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Loss of Citizenship and Dual Nationality

Written by Henry J. Chang

Introduction

Questions relating to loss of U.S. nationality usually arise in relation to issues of dual nationality. Therefore, this article will attempt to discuss loss of U.S. nationality within this context.

Dual Nationality

Each country defines the nationality status of its own citizens. As the laws of different countries do not necessarily coincide, it is often possible for a person to acquire two or more nationalities, either at the time of his birth or through the subsequent action of himself or others. This is known as dual nationality.

Whether a U.S. citizen loses U.S. citizenship upon becoming a foreign citizen will be determined by the laws of the United States. While there is currently no specific prohibition on dual nationality under U.S. law, certain acts relevant to the acquisition of foreign nationality may, in appropriate circumstances, result in a loss of U.S. nationality. The law relating to loss of U.S. nationality is discussed in detail below.

Whether an alien loses foreign citizenship upon becoming a U.S. citizen will be determined by the laws of the country of foreign citizenship. If the country of the alien's foreign citizenship does not permit acquisition of dual nationality, foreign citizenship may be lost when the alien becomes a U.S. citizen. As dual nationality often arises within the context of U.S.-Canadian dual nationality, the law of Canada relating to loss of citizenship will be briefly discussed as well.

Loss of U.S. Nationality

Loss of nationality, also known as expatriation, means the loss of citizenship status properly acquired, whether by birth in the United States, through birth abroad to U.S. citizen parents, or by naturalization. As a result of several constitutional decisions, §349(a) of the current Immigration and Nationality Act ("INA") provides that U.S. nationality is lost only when the U.S. citizen does one of the specified acts described in INA §349, voluntarily and with the intent to give up that nationality. If any one of these requirements is lacking, nationality is not lost.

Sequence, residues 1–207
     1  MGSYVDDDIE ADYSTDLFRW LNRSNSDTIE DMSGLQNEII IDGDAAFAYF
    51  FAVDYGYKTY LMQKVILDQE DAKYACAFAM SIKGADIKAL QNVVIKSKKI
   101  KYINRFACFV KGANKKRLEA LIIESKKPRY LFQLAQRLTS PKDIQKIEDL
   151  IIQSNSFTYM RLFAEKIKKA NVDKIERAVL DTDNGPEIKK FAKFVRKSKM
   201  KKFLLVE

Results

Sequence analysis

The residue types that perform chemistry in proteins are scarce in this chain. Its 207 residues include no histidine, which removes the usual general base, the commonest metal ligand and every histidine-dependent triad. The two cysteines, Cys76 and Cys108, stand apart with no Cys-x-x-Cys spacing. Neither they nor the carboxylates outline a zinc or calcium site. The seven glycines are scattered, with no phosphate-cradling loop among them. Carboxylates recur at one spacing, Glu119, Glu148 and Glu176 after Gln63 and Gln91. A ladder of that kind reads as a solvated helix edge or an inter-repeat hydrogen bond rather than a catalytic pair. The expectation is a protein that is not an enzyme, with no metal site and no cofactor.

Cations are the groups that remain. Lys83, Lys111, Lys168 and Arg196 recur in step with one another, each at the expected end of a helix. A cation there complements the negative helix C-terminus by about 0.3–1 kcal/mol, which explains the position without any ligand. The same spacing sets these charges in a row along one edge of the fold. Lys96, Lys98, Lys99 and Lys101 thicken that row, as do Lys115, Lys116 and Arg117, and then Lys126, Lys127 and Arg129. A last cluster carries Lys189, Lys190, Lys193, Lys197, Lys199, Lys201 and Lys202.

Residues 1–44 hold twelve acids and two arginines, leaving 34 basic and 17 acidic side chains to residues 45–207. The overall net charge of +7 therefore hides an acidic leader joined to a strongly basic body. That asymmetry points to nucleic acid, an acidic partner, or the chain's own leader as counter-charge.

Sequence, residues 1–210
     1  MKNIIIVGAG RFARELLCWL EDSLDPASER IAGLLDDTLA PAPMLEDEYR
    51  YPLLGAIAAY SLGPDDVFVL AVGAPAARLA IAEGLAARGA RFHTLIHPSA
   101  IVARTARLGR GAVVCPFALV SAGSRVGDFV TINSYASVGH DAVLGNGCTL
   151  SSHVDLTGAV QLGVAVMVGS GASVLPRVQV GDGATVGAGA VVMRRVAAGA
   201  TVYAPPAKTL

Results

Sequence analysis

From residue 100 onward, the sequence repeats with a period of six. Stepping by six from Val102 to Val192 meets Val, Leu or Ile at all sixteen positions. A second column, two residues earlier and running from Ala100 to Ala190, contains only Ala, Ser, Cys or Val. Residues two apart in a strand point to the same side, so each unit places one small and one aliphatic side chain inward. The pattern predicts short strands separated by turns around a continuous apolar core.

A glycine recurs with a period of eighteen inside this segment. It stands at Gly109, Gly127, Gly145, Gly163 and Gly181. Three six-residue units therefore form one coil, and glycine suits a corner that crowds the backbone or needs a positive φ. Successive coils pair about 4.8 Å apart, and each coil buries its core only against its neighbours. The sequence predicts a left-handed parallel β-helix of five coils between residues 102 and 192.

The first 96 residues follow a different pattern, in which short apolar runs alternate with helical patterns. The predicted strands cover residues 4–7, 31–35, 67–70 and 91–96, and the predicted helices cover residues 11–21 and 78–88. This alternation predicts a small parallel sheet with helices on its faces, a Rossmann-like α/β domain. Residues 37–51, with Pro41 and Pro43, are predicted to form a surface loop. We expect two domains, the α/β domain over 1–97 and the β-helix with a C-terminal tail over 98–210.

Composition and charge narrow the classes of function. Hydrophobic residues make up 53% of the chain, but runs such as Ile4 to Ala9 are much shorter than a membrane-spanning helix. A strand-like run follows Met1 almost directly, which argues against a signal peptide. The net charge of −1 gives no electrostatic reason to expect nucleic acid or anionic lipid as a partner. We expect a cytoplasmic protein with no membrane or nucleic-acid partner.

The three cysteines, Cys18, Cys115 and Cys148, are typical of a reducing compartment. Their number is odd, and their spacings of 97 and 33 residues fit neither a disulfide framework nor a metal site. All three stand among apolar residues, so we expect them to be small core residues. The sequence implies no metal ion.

Acts not specified in INA §349 do not result in expatriation. For example, acquisition of foreign nationality at birth will not result in expatriation. However, two expatriating acts contained in INA §349 are relevant to the issue of dual nationality. They are:

  1. obtaining naturalization in a foreign state upon the citizen's own application or upon an application filed by a duly authorized agent, after having attained the age of eighteen years; and

  2. taking an oath or making an affirmation or other formal declaration of allegiance to a foreign state or a political subdivision thereof after having attained the age of eighteen years.

Where such expatriating acts are performed, it is important to consider the issues of voluntariness and intention to relinquish U.S. citizenship. The full text of INA §349 is reproduced here.